A Walk on the Gentle Side
I decide to trace the Stream’s first two and a half-miles as far as Dongdaemun, with occasional forays north and south into the surrounding districts. (The Stream itself continues on for the same distance after Dongdaemun, curving round to the south and eventually flowing back into the Han River.)
I start at Cheonggye Plaza, a modest square that backs onto the broad south-north boulevard from Seoul Plaza up to Gwanghwamun Square and Gyeongbokgung Palace – the main home of the Joseon dynastic rulers and arguably Seoul’s most impressive palace. This wide road leads down to City Hall, Seoul Plaza and some of Seoul’s top hotels.
In the square stands a spiraling statue that could be a seashell or a unicorn’s horn. Above it rises the rectangular block of the Seoul Finance Centre. The Stream begins in style, with a 10-foot waterfall that is backlit in various colors at night. A wishing well close to the first bridge tempts visitors to toss coins – all for a good cause, as the money is collected regularly and given to charity.
The second bridge, Gwangtonggyo, uses great granite blocks, Stonehenge style, some with ancient carvings of clouds and Buddhist symbols. After that comes Gwanggyo bridge, across which a busy road carries incessant lines of traffic.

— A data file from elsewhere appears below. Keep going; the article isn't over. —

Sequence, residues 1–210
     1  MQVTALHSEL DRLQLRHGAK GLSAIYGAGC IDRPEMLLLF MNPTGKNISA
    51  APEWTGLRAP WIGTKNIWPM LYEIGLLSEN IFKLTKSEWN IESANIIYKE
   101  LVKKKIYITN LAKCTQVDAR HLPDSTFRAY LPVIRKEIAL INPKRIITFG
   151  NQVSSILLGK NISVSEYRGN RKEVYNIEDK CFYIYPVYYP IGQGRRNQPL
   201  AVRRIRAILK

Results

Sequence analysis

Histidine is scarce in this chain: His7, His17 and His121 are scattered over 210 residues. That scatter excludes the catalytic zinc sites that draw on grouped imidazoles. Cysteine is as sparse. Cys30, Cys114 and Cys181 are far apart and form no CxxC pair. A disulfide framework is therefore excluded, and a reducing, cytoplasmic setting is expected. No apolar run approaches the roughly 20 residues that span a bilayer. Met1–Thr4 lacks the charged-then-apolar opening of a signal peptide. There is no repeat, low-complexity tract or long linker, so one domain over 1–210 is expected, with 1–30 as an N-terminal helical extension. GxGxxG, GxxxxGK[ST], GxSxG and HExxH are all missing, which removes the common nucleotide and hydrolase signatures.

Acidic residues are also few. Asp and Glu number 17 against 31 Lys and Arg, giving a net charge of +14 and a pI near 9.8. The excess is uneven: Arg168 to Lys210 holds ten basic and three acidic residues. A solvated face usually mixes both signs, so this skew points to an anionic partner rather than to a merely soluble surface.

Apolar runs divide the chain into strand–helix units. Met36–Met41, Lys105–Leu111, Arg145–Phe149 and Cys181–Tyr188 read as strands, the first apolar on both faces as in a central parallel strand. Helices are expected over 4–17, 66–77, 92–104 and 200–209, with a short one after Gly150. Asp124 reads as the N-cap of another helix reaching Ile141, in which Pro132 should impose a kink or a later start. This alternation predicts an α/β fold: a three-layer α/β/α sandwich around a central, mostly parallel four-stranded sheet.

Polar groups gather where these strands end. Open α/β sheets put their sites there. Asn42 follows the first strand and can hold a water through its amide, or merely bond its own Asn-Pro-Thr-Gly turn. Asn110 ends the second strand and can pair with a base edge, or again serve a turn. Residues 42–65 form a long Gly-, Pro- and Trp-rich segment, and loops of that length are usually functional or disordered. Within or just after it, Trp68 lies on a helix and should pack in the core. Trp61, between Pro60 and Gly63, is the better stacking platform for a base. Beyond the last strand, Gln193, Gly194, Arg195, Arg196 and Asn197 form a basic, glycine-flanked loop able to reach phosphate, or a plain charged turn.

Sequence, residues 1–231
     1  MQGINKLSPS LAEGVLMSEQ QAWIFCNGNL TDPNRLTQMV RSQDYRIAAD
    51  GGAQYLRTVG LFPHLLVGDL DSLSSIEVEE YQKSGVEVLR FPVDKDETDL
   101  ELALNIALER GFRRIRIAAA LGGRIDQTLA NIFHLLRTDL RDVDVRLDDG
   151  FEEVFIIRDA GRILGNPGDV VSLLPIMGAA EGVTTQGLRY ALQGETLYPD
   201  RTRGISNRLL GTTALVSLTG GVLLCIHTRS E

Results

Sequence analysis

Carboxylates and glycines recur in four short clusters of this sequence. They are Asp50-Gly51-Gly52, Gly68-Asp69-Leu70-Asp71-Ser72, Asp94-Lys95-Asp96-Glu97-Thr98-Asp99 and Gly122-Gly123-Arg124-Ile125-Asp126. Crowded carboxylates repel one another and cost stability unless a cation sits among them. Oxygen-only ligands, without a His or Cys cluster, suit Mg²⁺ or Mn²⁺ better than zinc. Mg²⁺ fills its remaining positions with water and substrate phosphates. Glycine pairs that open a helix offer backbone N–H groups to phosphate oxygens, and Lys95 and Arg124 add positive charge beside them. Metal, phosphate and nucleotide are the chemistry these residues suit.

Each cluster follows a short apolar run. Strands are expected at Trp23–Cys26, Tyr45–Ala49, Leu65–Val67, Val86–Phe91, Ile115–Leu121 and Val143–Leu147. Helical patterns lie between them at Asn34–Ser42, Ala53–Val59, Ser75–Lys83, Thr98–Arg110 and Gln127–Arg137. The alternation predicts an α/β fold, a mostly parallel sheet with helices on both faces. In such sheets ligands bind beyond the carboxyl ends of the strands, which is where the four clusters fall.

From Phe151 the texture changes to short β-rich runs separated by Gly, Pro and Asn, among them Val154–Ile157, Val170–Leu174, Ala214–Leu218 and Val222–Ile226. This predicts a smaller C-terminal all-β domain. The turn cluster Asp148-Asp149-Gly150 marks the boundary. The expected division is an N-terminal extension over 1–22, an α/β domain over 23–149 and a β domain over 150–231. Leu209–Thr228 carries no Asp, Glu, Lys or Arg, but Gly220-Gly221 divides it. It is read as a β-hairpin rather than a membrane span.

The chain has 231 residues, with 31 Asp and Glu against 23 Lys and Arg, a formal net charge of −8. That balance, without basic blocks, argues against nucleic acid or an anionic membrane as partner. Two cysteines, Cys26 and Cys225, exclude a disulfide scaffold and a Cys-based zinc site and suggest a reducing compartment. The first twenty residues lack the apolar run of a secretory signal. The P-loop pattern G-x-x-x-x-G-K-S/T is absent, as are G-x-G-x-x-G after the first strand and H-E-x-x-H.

Turn left and one block north is a large crossroads with two classic examples of ancient and modern Korean architecture: Bosingak is a beautiful old bell tower whose 15th-century bell was used to signal the opening and closing of Seoul’s four great gates, while directly across the road rises Jongno Tower, a triangular glass and steel edifice topped by a “floating” oval summit. One of the most distinctive modern buildings in Seoul, it is owned by Samsung, one of Korea’s great chaebol conglomerates (others include Hyundai, LG, Hanwha and Lotte) that still wield great economic power in the country through diversified holdings in a wide range of industries.
Turn south from Gwanggyo and you are quickly engulfed in the shopping mania that is Myeongdong, Seoul’s tourist retail district and one of its busiest precincts. The warren of small streets is packed with brand outlets and souvenir stalls.
Back in the peaceful environment of Cheonggyecheon, between the bridges, stepping stones cross the Stream – a fine source of youthful high jinx and photo ops. Dozens of small rapids provide a restful counterpoint to the dissonance of the busy city above.
North of this section is Insadong, Seoul’s arts and crafts district, where traditional restaurants and teahouses share the alleyways with art galleries and more souvenir stalls than you can shake a stick at.
Samil-gyo is the beginning of the end of the CBD’s skyscrapers; from here to Dongdaemun the Stream is flanked by low-rise buildings. In the water carp and a host of other species swim, preyed upon by herons and other fishing birds. The water is crystal clear and not a single item of rubbish lies on the ground. Now you pass the labyrinthine covered markets of Gwangjang and Dongdaemun markets, whose stalls are stuffed with household items, foodstuffs, trinkets and much more.
My walk ends at Dongdaemun; to the left is JW Marriott Dongdaemun Square, opened in 2014, the attractive 170-room hotel sits right by the Stream.